California Bankruptcy and Divorce - Chapter 7 Bankruptcy ("Liquidations"), Chapter 13 Bankruptcy ("Reorganizations")
|Featured Southern California Divorce & Bankruptcy Attorney|
|Hosford & Hosford, Inc.|
|Hosford & Hosford, Inc. represent clients on Chapter 7 and Chapter 13 California bankruptcy petitions. Free consultation|
|Law Offices of Merritt Mckeon|
|Merritt McKeon provides Chapter 7, Chapter 11 and Chapter 13 bankruptcy and divorce legal help and family mediation services.|
|Law Office of Selena Devine|
|Selena Devine is a bankruptcy lawyer offering legal help with Chapter 7 bankruptcies. Ms. Devine offers a free consultation.|
What is Bankruptcy Law?
Bankruptcy is a federal court process designed to help individuals or businesses eliminate their debts or repay their debts under the protection of the bankruptcy court. Bankruptcy and divorce is on the rise due to the financial cost and stress often associated with divorce proceedings. Bankruptcy has many rules and exceptions such as what kinds of debts are covered, who can file, and what property you can and cannot keep.
Common Types of Bankcruptcy
The two most common types of Bankruptcy are Chapter 7 Bankruptcy ("liquidations") and Chapter 13 Bankruptcy ("reorganizations").
Chapter 7 bankruptcy is the liquidation variety of a bankruptcy in which property is sold (or liquidated) to pay off as much of your debt as possible, while leaving you with enough property to start over or have a “second chance.”
Chapter 13 bankruptcy is often referred to as an individual debt adjustment and is the most common type of "reorganization" bankruptcy for consumers in which you repay your debts over three to five years.
Both a Chapter 7 bankruptcy and Chapter 13 bankruptcy have numerous rules and exceptions such as what kinds of debts are covered, who can file, and what property you can and cannot keep. Therefore, if you are thinking about filing bankruptcy you do well to consult a bankruptcy lawyer or bankruptcy attorney to help you learn if and what type of bankruptcy would make sense for your situation.
Bankruptcy and Divorce
Due to the financial cost and stress often associated with a divorce and child custody cases, bankruptcy and divorce often go hand-in-hand. If you and/or your spouse have accrued lot of debt, it may make sense to file for bankruptcy.
Often it is more advantageous to file for bankruptcy before you file for divorce rather than after the divorce proceedings have started. Filing bankruptcy can simplify the divorce process by getting rid of some of the debt you and your spouse have. This also tends to make it easier to negotiate and reach settlement on how the remaining debts should be divided and protect you from your soon-to-be ex-spouse filing bankruptcy down the road, thereby transferring the debt to you. Lastly, it's generally less expensive to file a joint bankruptcy than filing bankruptcy separately. You would do well to consult a bankruptcy attorney to help you learn if, when, and what type of bankruptcy to file.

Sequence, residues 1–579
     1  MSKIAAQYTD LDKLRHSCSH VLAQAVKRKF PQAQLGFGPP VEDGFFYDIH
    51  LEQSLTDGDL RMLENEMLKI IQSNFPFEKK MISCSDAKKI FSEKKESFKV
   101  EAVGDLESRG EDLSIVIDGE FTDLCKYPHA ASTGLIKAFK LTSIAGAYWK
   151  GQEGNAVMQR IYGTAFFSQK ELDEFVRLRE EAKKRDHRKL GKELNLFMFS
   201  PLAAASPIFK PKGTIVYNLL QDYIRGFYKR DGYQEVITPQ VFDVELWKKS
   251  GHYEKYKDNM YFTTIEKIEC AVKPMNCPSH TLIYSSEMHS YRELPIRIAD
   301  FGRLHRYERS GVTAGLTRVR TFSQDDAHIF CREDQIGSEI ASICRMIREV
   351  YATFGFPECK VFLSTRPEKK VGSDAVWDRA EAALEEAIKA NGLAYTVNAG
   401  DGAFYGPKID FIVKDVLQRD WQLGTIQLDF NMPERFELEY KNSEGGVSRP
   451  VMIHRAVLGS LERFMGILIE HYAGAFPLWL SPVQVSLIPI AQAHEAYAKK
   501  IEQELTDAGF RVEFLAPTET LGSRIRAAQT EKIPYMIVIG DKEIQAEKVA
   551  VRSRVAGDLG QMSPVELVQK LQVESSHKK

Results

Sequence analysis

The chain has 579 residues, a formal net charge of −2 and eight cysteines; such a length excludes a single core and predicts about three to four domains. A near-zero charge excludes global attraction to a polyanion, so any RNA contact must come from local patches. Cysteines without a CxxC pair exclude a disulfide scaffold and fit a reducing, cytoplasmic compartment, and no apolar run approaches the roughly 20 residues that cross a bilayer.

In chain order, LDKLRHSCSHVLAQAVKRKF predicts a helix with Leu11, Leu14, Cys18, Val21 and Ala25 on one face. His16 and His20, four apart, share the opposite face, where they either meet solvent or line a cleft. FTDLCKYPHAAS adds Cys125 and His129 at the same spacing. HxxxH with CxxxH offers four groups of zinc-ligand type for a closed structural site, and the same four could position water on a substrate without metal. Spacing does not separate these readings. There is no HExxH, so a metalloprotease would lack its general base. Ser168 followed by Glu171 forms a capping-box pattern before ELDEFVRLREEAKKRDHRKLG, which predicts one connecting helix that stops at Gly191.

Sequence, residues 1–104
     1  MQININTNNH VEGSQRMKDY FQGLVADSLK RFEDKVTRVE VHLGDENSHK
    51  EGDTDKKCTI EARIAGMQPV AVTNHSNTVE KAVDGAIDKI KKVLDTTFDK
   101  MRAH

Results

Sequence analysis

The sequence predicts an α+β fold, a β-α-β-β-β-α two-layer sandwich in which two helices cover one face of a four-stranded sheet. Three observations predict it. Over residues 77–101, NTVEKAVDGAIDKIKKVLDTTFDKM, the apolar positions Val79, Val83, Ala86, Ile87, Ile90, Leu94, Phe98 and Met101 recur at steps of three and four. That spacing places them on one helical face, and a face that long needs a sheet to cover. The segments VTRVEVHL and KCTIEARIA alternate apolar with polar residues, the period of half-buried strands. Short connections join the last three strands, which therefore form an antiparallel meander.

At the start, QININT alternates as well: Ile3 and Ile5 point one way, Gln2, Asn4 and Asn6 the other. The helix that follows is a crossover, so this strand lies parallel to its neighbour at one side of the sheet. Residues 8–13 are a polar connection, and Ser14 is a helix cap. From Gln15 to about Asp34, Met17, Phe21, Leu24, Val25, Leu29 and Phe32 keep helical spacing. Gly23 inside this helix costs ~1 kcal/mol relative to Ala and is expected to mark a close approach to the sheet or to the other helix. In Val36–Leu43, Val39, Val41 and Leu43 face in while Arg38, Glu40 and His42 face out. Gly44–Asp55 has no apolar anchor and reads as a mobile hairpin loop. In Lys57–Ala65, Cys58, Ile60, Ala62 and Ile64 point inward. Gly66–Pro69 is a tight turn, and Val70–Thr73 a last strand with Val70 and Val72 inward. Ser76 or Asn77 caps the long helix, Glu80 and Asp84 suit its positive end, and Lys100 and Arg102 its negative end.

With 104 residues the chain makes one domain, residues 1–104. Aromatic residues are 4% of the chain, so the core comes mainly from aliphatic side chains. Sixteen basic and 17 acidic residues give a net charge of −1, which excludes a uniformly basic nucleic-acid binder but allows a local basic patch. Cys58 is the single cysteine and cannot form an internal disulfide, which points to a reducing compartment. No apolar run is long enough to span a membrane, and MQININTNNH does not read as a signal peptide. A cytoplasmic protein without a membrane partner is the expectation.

Once a bankruptcy court decides property is "exempt" (not available to be sold to pay debts), a divorce court can then divide that property.
Bankruptcy Automatic Stay
When one or both spouses file bankruptcy, all of the community property becomes part of the bankruptcy estate and is available to pay debts. An automatic stay will immediately go into effect preventing creditors from collecting on most debts. But the automatic stay doesn't prevent you from asking a divorce court to order your spouse to pay child support or alimony. Some family courts will require you to get an order from the bankruptcy court stating that the bankruptcy court doesn't have authority over support matters.
There are several automatic stay exceptions. The most important for most claimants in divorce are the two exceptions described in Section 362(b)(2) of the bankruptcy statute. The first allows actions to continue for establishing paternity or to set up payment of alimony or support. The second allows actions to continue to collect alimony, maintenance, or support from property that's not part of the bankruptcy estate.
Bankruptcy Abuse Prevention and Consumer Protection Act (BAPCPA) of 2005
The Bankruptcy Abuse Prevention and Consumer Protection Act (BAPCPA) of 2005, became effective Oct. 17, 2005. Under the new law, BAPCPA has made it much more difficult for debtors to evade domestic relations responsibilities (DSO) such as alimony or child support. Previously, debtors were allowed to discharge nonsecured property settlement obligations to former spouses. The BAPCPA law no longer allows this. BAPCPA makes any domestic support obligation "DSO" a "first priority claim," ineligible for discharge.
For those getting divorced and considering bankruptcy this new bankruptcy law could significantly affect you. If you (or your soon-to-be ex-spouse) are thinking about filing a Chapter 7 Bankruptcy petition or a Chapter 13 Bankruptcy petition, you would do well to consult a California Bankruptcy attorney to find out if filing bankruptcy
Bankruptcy and Divorce Considerations
Bankruptcy and divorce filings by consumers (non-business bankruptcy filings) before and after a divorce are becoming more and more common. If you (or your soon-to-be ex-spouse) are thinking about filing bankruptcy it is important to consult a bankruptcy attorney to help you determine if filing a join bankruptcy is right for you and when it would be wise to file (i.e. before or during the divorce proceeding). If you believe your spouse is thinking about filing bankruptcy a bankruptcy attorney can help you learn how you can protect yourself and what course of action you should take.
Featured Southern California Bankruptcy Lawyers, Southern California Bankruptcy Attorneys & California BK Lawyers